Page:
The sequel to the explosive New York Times best-selling debut, An Ember in the Ashes, that's captivated readers worldwide.
A Torch Against the Night takes listeners into the heart of the Empire as Laia and Elias fight their way north to liberate Laia's brother from the horrors of Kauf Prison. Hunted by Empire soldiers, manipulated by the Commandant and haunted by their pasts, Laia and Elias must outfox their enemies and confront the treacherousness of their own hearts.
In the city of Serra, Helene Aquilla finds herself bound to the will of the Empire's twisted new leader, Marcus. When her loyalty is questioned, Helene finds herself taking on a mission to prove herself - a mission that might destroy her instead.
©2016 Sabaa Tahir (P)2016 HarperCollins Publishers
Praise for An Ember in the Ashes: "Game of Thrones fans will relish Tahir's debut set in a brutal Rome-inspired empire. It follows Laia, a slave and Elias, a young soldier, whose lives are unexpectedly intertwined in this story of freedom, loyalty and love." (Independent)
"The writing is as smooth as silk and keeps one reading long after the lights should have been out." (Robin Hobb)
"With An Ember in the Ashes, Sabaa Tahir shows us light in darkness, hope in a world of despair, and the human spirit reaching for greatness in difficult times." (Brandon Sanderson, number one New York Times best-selling author)
"I fell in love with Laia and Elias from the moment we met. This is a story you'll read with your heart in your throat." (Lauren DeStefano, New York Times best-selling author)
"A heart-pounding story of love and loss, with the most original world-building I've read all year. Deeply felt and deeply moving, I could not put it down." (Margaret Stohl, New York Times best-selling author of Beautiful Creatures)
"This electric debut is a pulse-pounding, action-packed Romeo and Juliet story in a richly imagined world with a great twist and heroic characters you'll root for and won't stop thinking about." (Melissa de la Cruz, New York Times best-selling author of Frozen and The Ring and the Crown)
"An Ember in the Ashes is a spectacular page turner that asks readers to consider how far they'd go to save the ones they love. Sabaa Tahir is the next superstar in young adult fiction and her debut is as cinematic as Gladiator and as high-stakes as Game of Thrones." (Holly Goldberg Sloan, New York Times best-selling author of Counting by 7s) and I'll Be There)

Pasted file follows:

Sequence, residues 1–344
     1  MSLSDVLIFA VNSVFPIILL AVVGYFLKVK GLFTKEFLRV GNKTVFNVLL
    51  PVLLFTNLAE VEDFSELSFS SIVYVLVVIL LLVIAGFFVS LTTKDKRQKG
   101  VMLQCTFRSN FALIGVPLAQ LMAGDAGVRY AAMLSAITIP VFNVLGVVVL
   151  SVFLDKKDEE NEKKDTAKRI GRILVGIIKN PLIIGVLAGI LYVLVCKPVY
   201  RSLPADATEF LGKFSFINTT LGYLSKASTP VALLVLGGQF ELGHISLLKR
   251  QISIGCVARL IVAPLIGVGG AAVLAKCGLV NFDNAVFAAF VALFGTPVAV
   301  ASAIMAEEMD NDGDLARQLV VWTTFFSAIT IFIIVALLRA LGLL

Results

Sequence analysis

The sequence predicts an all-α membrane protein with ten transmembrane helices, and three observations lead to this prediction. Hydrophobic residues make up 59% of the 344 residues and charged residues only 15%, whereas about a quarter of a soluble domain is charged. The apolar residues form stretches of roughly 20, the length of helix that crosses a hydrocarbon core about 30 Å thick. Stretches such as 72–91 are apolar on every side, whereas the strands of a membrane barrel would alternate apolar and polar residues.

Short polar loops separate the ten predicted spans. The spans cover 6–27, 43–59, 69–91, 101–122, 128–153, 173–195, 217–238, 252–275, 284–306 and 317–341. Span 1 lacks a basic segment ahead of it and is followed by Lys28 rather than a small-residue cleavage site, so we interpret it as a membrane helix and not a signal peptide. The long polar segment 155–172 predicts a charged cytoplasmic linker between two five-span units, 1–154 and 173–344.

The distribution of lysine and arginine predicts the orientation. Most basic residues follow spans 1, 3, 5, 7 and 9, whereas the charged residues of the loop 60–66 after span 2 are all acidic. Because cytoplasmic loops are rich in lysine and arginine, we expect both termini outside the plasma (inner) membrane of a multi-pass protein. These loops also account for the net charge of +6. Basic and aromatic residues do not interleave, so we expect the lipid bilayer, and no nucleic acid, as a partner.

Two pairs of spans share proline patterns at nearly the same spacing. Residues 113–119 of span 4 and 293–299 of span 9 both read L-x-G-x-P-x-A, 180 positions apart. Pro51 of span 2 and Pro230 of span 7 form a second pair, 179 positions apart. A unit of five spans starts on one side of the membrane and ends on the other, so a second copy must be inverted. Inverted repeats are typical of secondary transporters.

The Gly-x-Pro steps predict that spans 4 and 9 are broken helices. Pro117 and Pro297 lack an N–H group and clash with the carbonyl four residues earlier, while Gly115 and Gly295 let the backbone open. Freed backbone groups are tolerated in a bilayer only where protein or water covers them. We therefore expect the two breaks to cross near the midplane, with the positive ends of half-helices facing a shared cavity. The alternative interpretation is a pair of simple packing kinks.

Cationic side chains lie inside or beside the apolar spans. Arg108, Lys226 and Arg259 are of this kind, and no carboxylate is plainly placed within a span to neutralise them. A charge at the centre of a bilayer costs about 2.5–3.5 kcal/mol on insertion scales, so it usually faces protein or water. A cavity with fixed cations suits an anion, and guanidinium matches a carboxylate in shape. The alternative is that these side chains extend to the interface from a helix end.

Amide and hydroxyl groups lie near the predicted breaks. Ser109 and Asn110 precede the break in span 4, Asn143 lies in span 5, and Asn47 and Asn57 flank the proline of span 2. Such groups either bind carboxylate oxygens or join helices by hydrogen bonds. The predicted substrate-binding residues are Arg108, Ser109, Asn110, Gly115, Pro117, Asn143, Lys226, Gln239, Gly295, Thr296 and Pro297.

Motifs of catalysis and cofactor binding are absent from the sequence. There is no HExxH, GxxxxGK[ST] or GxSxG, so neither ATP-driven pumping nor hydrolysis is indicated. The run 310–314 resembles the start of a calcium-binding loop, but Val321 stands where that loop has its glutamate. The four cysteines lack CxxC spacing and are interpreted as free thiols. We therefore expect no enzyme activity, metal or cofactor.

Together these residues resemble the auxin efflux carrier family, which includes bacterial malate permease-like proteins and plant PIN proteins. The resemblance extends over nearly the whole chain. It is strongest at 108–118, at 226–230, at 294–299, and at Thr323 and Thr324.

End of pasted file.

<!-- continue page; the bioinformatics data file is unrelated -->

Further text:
"Blew me away.... This book is dark, complex, vivid, and romantic - expect to be completely transported." (MTV.com) "Tahir spins a captivating, heart-pounding fantasy." (Us Weekly)
"Good story, disliked the performance "
Parts that are whispered mixed with loud ones - had to keep adjusting volume. It is inconvenient to do it constantly, as I listen to books on my commute.
The story itself is a nice change from the usual fantasy - as it is set in middle-eastern inspired universe. Can't wait for part 3.
"brilliant story well told."
Absolutely superb story enjoyed every minute of it will be looking for the next part shortly. My only complaint would be the two invented expletives of "skies" and "hells" are ridiculously overused and by every character in every race. Otherwise excellent all round
"Female narrator needs to change tone"
It is very difficult to work out who is speaking due to the female narrator for Laia not changing her voice at all when reading speech said by other characters.
Laia and Elias have long conversations where it is not specified which character is speaking, so you end up scratching your head trying to figure it out as the narrator doesn't change her voice at all for the different parts. I mean, she doesn't even subtly change her voice, she just doesn't try at all! It ruins what could have been a great audiobook.
She could at least make her voice a bit lower when she does Elias' parts. Really find it frustrating and don't think I can continue listening due to this, I would rather read it as at least on paper you can work out who is saying what due to the grammar.
The male narrator changed his voice for Laia's speech so I'm not sure why the female narrator didn't bother? I have listened to audiobooks where the narrator manages to make multiple male characters of the same age and background sound different.
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